Microsoft employee accidentally publishes PlayReady code

Stop - Pixabay[German]A Microsoft software developer has accidentally shared internal PlayReady source code with the public (a developer forum). The data leak of 4 GByte is sufficient to compile the required DLL from the source code. This could be a real boon for people who want to reverse engineering or crack PlayReady.


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What is PlayReady?

PlayReady is a copy protection technology for media files from Microsoft that includes encryption, output protection and digital rights management (DRM). It was announced in February 2007 and the first version was released in 2008. The main differences to previous Microsoft DRM systems are:

  • Some popular features that were already present in other DRM systems on the market have been added. These include the concept of domain (group of devices owned by the same user that can share the same licenses), embedded licenses (licenses embedded in the content files, avoiding a separate step for license acquisition) and envelopes (the ability to DRM any content that may not be media-related). It is also the protection scheme for IIS Smooth Streaming, Microsoft's adaptive streaming technology.
  • It is platform independent: Unlike other Microsoft DRM schemes such as Janus, PlayReady can be ported to any type of portable device, even if it uses a non-Microsoft technology (operating system, codecs, media player, etc.).

PlayReady competes with other proprietary DRM systems and even more so with DRM-free software, most notably Apple's FairPlay introduced in iTunes and QuickTime.

The PlayReady source code leak

I just came across the topic on X via the following tweet. It states that a Microsoft engineer accidentally published 4 GB of internal Microsoft PlayReady code to the Microsoft Developer Community on June 11, 2024.

Das PlayReady Quellcode-Leck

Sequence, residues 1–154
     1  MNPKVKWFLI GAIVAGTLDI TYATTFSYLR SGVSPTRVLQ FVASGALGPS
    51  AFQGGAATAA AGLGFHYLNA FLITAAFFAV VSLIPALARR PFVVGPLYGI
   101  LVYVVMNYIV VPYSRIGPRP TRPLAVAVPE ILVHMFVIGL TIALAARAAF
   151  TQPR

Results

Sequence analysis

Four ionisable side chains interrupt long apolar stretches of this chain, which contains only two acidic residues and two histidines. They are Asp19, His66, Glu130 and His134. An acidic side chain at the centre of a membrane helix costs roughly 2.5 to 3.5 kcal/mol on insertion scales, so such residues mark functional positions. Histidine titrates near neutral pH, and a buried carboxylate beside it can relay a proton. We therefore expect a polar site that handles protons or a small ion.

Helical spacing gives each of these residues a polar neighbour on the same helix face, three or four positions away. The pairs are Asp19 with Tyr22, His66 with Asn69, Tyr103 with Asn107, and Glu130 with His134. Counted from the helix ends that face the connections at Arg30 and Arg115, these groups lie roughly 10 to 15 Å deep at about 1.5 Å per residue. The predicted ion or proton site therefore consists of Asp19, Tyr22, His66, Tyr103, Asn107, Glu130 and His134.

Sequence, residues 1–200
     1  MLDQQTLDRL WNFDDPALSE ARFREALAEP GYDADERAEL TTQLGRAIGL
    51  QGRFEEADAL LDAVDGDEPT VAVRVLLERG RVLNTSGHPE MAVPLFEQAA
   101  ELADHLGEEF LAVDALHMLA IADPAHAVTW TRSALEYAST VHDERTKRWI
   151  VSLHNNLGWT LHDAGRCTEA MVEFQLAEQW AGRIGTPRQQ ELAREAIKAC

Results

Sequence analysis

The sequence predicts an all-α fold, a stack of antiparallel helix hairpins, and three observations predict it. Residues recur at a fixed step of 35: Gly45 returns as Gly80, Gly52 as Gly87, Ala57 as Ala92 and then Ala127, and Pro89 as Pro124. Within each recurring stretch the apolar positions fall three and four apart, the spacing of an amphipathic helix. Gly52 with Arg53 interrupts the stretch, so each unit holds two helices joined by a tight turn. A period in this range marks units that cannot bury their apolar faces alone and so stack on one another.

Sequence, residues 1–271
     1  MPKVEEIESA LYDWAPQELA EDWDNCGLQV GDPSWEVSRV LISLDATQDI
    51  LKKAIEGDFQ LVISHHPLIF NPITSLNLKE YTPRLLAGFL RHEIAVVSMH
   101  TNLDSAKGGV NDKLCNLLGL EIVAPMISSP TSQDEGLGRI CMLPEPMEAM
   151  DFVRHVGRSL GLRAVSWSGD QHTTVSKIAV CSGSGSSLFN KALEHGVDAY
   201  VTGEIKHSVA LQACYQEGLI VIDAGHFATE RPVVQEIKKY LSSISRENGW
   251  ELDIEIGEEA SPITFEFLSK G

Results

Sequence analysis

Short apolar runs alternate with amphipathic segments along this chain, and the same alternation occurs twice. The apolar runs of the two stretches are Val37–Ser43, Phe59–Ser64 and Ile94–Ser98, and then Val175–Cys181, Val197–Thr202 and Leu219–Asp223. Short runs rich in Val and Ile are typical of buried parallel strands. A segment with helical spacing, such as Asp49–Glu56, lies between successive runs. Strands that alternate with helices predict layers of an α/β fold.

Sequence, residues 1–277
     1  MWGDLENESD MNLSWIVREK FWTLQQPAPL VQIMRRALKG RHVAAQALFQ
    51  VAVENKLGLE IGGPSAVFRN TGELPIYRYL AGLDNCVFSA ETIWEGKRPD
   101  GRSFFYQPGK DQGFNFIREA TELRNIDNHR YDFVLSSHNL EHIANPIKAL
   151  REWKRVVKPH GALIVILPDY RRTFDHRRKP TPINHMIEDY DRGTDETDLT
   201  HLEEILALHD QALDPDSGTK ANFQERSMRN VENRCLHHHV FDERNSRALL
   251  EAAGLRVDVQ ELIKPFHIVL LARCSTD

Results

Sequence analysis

There is also a post on the subject on securelists.org. The Microsoft engineer has posted in a public forum information about a crash of the Apple TV service on a Surface Pro 9 device. The post included a 771 MB file attachment that included 4 GB of internal code when unzipped (more than 260 files) related to Microsoft PlayReady. The leak includes:


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  • the WarBird configurations for creating the PlayReady library
  • WarBird libraries for code obfuscation functions
  • Libraries with symbolic information in connection with PlayReady

This is key information about PlayReady internals and implementation. Researchers from AG Security Research Lab have managed to build the Windows PlayReady dll library from the leaked code. Interestingly, they were aided in doing so because a user in the Microsoft Developer Community Forum also provided step-by-step instructions for the build process.

Interestingly, the Microsoft Symbol Server also does not block requests for PDB files that correspond to Microsoft WarBird libraries, which has inadvertently made more information public. The security researchers informed Microsoft about the leak on June 12, 2024, whereupon the forum post was removed. The tweet links to a file list and contains screenshots of the whole thing. There is already information about WarBird Obfuscation on GitHub. And an analysis can be found here.


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